What types of structures does U.S. Submergent Technologies clean? 

What types of structures does U.S. Submergent Technologies clean? 

February 26, 2020
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U.S. Submergent Technologies cleans sand, grit, and other debris out of wet environments. We’re well known for our success in wastewater treatment facilities, but our Combination technology gives us the ability to clean the hard-to-reach places in a variety of submerged conditions. 

Our innovative jetter and combined vacuum and downhole system enables the rapid removal of accumulated solids from wet infrastructure while it remains in operation. U.S. Submergent Technologies (USST) is able to restore capacity in numerous industries and other systems that can benefit from being cleaned while in service, with no bypass.  


USST Crew performing pipework in Tampa, Florida

Large-diameter pipe systems can become clogged with sand or debris, causing blockage, reducing flow capacity, and causing potential upstream flooding. Over time, sand seeps into collection systems through cracks and seams, constricting pipe flow once it begins to accumulate.

Other unwanted debris, both naturally occurring and manmade (litter), makes its way into pipe systems, adding to the problem and obstructing flow. Other unwanted debris, both naturally occurring and manmade (litter), makes its way into pipe systems, adding to the problem and obstructing flow. Since we are unable to see the accumulated material, the problem often goes unnoticed. When this impacts a lift station, energy costs can rise significantly as well as wear and tear on equipment.

If capacity isn’t restored, a blocked pipe could potentially cause flooding and water damage in the surrounding areas, as well as impeding overall flow. USST removed 32-tons of sand from a stormwater pipe in Miami-Dade county under surcharged conditions. With USST’s technology, our crews can clear blockages in submerged or surcharged conditions without the need to bypass flow and without resorting to confined space entry.  

Examples of pipe systems USST has the ability to clean appear below:

  • Gravity/Sanitary Sewer Collection Pipes
  • Outfall Pipes
  • Siphons
  • Stormwater Systems, including box culverts and baffle boxes


Sneads 2015
USST’s Combination Truck reaching into aeration tank to perform cleaning with no shutdown needed.

There are many types of tank structures used in a variety of ways in wastewater treatment systems, and they can all experience reduced capacity from the gradual accumulation of sand, grit, FOGs, rag material, vegetation, and more. Buildups of these types of material leads to increased energy costs and reduces overall plant efficiency.

With the assistance of USST’s patented equipment and process, our crews can tackle the toughest of issues, often while the system or structure remains in full operation in submerged conditions. We provide facilities the option to maintain a regular maintenance schedule instead of performing costly repairs or replacing expensive infrastructure.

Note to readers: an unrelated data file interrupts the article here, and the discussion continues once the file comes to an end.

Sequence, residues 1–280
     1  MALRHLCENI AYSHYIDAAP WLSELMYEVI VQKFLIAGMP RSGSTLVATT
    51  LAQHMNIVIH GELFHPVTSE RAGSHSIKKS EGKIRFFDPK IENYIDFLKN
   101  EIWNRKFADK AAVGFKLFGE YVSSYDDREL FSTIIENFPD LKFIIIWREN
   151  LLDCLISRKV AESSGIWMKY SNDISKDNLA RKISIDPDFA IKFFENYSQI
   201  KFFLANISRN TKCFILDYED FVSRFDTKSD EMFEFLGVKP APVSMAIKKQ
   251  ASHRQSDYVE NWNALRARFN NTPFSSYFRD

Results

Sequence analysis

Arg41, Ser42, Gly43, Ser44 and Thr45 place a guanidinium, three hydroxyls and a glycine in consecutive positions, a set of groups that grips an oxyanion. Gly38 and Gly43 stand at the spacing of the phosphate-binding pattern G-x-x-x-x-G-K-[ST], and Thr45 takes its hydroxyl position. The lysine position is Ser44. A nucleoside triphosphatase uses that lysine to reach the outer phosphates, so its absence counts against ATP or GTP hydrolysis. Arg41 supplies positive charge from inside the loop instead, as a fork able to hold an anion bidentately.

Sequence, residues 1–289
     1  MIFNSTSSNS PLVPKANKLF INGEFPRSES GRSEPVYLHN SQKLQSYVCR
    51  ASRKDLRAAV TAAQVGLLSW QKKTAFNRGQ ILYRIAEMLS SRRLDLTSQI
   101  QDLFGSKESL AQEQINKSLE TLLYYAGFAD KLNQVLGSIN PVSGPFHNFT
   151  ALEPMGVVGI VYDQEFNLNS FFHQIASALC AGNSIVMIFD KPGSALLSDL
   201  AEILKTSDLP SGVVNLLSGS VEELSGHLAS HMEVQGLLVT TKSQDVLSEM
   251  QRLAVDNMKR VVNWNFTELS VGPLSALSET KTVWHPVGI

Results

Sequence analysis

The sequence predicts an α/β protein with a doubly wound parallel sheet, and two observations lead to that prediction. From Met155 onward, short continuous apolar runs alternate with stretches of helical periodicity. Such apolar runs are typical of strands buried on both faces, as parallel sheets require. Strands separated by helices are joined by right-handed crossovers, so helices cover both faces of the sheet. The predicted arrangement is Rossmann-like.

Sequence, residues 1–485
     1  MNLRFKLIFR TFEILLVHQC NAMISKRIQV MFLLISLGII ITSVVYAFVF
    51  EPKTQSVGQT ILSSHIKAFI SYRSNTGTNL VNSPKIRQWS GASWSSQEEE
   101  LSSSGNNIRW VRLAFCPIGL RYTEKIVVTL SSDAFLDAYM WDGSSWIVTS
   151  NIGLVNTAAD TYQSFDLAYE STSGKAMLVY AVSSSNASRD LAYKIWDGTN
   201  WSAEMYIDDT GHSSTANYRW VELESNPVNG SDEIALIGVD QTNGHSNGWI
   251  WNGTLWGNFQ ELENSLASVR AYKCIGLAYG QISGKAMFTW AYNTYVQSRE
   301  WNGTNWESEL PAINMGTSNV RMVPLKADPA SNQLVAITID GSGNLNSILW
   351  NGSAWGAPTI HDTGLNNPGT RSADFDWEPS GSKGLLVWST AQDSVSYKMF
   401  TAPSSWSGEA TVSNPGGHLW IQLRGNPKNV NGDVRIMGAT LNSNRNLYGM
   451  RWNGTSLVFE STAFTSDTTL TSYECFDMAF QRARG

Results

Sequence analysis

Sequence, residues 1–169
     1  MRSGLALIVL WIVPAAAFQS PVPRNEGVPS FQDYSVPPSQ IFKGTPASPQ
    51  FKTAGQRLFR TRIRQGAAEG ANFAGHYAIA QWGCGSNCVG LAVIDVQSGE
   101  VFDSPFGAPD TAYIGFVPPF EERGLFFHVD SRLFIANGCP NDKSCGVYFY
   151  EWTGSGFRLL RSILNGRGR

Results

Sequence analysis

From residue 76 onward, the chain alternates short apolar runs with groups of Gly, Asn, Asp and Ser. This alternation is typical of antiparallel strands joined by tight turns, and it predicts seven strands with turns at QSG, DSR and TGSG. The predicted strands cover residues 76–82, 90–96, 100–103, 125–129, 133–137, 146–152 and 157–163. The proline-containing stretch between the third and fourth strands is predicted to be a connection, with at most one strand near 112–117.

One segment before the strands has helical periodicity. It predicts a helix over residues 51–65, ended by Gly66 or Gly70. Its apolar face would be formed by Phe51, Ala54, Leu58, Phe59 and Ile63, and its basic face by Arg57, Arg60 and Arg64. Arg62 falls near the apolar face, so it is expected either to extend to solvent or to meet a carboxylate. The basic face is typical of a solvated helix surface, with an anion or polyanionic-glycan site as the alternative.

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Combination Truck extended boom removing material from oxidation tank while in operation in Mount Dora, Florida.

USST can clean the following, but not limited to, structures:

  • Aeration Basin
  • Anoxic Tank
  • Backwash Basin
  • Clarifier
  • Chlorine Contact Chamber
  • Digester
  • Effluent Channel
  • Equalization Basin
  • Grit Chamber
  • Gypsum Pond
  • Headworks
  • Influent Channel
  • Lagoon
  • Methane Tank
  • Oxidation Ditch
  • Package Plant
  • Ponds
  • Reject Pond
  • Sand Filter
  • Sediment Trap
  • Sludge Tank
  • Splitter Box
  • Storage Tank
  • Surge Chamber
  • Trickling Filter

Lift Stations

6 18 2018 lift station 59 MD EDITED 1
USST Crew with Combination Truck at work on lift station in North Florida.

Lift or pump stations are an integral part of the wastewater collection system. They transport wastewater from lower to higher elevations and are often equipped with one to three pumps for redundancy. Lift stations tend to accumulate sand and grit due to unwanted inflow and infiltration (I&I) issues during periods of high flow (e.g., heavy rain or high tourist traffic) which can clog the system. The more sand in a wet well, the more frequently the pumps must start and stop due to reduced cycle times. A facility may only have one operating pump, putting undue stress on the already limited capacity of the structure.

Performing regular lift station maintenance reduces the risk of sanitary sewer overflow (SSO), where untreated wastewater is discharged from a sewer into the environment before reaching a wastewater treatment facility. SSO can have extremely negative consequences for the environment and population in the areas surrounding the overflowing wet well.

With USST’s Combination truck and patented GritGone Process®, our crews can clean lift stations with one piece of equipment and quickly switch between cleaning modes to solve most access issues. The jetter has the ability to clean the structure, and the vacuum removes material such as fats, oils and greases. The truck’s downhole pump removes sand and grit from the wet well while the lift or pump station remains in full operation at full capacity, without the need for confined space entry. 

  • Lift or Pump Stations
  • Wet Wells

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